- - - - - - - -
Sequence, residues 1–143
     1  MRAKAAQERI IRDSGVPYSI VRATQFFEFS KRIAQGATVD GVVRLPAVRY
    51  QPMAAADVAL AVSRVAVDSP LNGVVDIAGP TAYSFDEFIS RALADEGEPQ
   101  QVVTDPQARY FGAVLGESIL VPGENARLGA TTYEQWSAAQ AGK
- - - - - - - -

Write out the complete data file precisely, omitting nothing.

Sequence, residues 1–143
     1  MRAKAAQERI IRDSGVPYSI VRATQFFEFS KRIAQGATVD GVVRLPAVRY
    51  QPMAAADVAL AVSRVAVDSP LNGVVDIAGP TAYSFDEFIS RALADEGEPQ
   101  QVVTDPQARY FGAVLGESIL VPGENARLGA TTYEQWSAAQ AGK